Over the past few years 300 Entertainment has grown to become one of the preeminent independent labels offering 360 record deals to big name artists such as Fetty Wap, Young Thug, Migos and more.
In defence of 360 deals, Lyor explains: “We are reactivating the lost art of artist development, I really believe that.” According to Lyor, having a 360 deal with artists allows a label to sign fewer acts to the roster, which means more time and energy can be invested into each person so it’s only fair that the label also takes a percentage from additional revenue streams.
Another legendary music executive, Steve Rifkind,who founded Loud Records which was home to hip-hop acts like Wu-Tang, Mobb Deep and Big Pun, agrees that 360 deal can be beneficial for both artists and labels if done properly:
“I don’t believe in 360 deals that much unless we really do something for you,” Rifkind explained. “And I think that’s just the record business of getting their piece when they break an artist. I have no problem with taking a piece when I do something for an artist. If I get them a brand deal, a tour, [a] publishing deal, then I feel I deserve a piece. I don’t feel as if I deserve anything if I don’t bring anything to the table.”
Benefits of 360 record deal for hip-hop artists
For hip-hop artists out there grinding their heart and pouring blood, sweat and tears into their music, a 360 deal naturally sounds like a bad thing. I don’t blame them – they’re putting their life into their music and all they see is a record label taking a percentage of everything – touring, merchandise, music sales, etc.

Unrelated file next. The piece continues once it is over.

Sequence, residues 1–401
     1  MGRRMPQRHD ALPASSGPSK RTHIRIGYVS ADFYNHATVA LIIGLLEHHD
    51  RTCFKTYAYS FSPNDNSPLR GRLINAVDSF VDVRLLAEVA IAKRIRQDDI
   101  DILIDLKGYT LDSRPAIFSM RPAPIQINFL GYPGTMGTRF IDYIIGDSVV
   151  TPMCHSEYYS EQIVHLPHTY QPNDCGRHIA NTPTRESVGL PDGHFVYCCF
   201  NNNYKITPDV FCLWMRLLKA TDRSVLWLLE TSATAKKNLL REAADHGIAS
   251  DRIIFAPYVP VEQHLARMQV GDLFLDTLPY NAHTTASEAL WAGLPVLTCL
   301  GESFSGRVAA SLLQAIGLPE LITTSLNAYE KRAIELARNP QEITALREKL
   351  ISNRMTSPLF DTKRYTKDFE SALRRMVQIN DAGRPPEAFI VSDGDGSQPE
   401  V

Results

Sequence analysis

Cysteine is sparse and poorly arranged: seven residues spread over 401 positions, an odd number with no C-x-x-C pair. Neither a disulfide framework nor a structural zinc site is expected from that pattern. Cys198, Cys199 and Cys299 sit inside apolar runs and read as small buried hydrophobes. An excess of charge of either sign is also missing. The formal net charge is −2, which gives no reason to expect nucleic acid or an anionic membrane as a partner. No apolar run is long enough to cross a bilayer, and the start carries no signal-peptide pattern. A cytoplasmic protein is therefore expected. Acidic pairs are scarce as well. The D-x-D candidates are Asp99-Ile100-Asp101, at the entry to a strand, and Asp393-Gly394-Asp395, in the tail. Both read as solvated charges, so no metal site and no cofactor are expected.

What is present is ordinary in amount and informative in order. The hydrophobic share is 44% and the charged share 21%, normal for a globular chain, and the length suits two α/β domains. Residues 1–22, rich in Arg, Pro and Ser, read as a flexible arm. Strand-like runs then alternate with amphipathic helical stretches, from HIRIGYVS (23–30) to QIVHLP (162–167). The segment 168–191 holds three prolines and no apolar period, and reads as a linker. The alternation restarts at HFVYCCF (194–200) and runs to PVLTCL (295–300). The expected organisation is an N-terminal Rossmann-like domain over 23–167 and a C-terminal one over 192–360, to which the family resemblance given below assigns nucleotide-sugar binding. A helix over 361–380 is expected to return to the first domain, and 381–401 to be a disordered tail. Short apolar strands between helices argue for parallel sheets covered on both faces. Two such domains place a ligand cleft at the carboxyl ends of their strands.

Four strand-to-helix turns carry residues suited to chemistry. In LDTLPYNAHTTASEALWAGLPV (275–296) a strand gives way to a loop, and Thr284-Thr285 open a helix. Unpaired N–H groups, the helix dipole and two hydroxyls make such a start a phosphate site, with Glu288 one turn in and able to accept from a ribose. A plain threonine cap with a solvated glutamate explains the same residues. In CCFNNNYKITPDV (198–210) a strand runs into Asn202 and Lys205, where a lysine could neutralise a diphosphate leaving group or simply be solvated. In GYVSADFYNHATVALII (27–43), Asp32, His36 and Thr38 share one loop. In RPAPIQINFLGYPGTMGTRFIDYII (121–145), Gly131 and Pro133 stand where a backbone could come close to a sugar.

But let’s take a deeper look at it.
360 record deals enable a label to invest a lot more time and energy into artists than traditional deals would typically allow. Let’s say you’re a record label owner and you have a traditional deal with 20 artists on your roster. Now let’s say only 5 of these acts are selling music and making money for the label, would you bother putting any time and energy int the other 15?
Remember – as a record label owner, you might have hundreds of employees depending on your decisions. If the label goes broke because of the wrong decision, they all lose their jobs and that’s on you.
Now let’s say its a 360 deal situation and you have 5 artists on your roster instead of 20. Maybe only one of these artists are making hits and selling music – for example Fetty Wap on 300 Entertainment – you can still focus on developing and promoting the other 4 artists.
Why? Because there are less artists on the roster and there are other ways that they can be making money instead of just music sales – for example Young Thug can go on tour with Travis Scott and sell merchandise.
360 record deals mean there are fewer artists and more potential revenue streams so a label will always have opportunities to develop their roster, instead of letting some of them languish on the shelf because their music isn’t selling.
J. Cole is signed to a 360 deal to Jay-Z’s Roc Nation. Even though Cole had to work hard to get where he is today – 2014 Forest Hills Drive went platinum with no features – it’s because he’s signed to a 360 deal with Roc Nation that he’s able to get opportunities like selling out Madison Square Garden, filming a HBO documentary series.
Since Roc Nation is invested in J. Cole as a complete artist, and not just a rapper who sells music for them, they’re putting in the time and energy to help him succeed in all areas – merchandising, TV spots, interviews, touring, etc.
At the end of the day, as with anything in the rap game, it’s all up to the artist and what direction they want to take their career. It’s not about 360 deals being good or bad, it’s about whether they’re right or not for your particular situation.
Just like the staying independent or signing to a major label debate, it depends entirely on you and where you want to go with your music or brand. You might want to stay grinding independently like Chance The Rapper or you might want to take that 360 deal like Cole. The common factor in both situations? Hard work and dedication.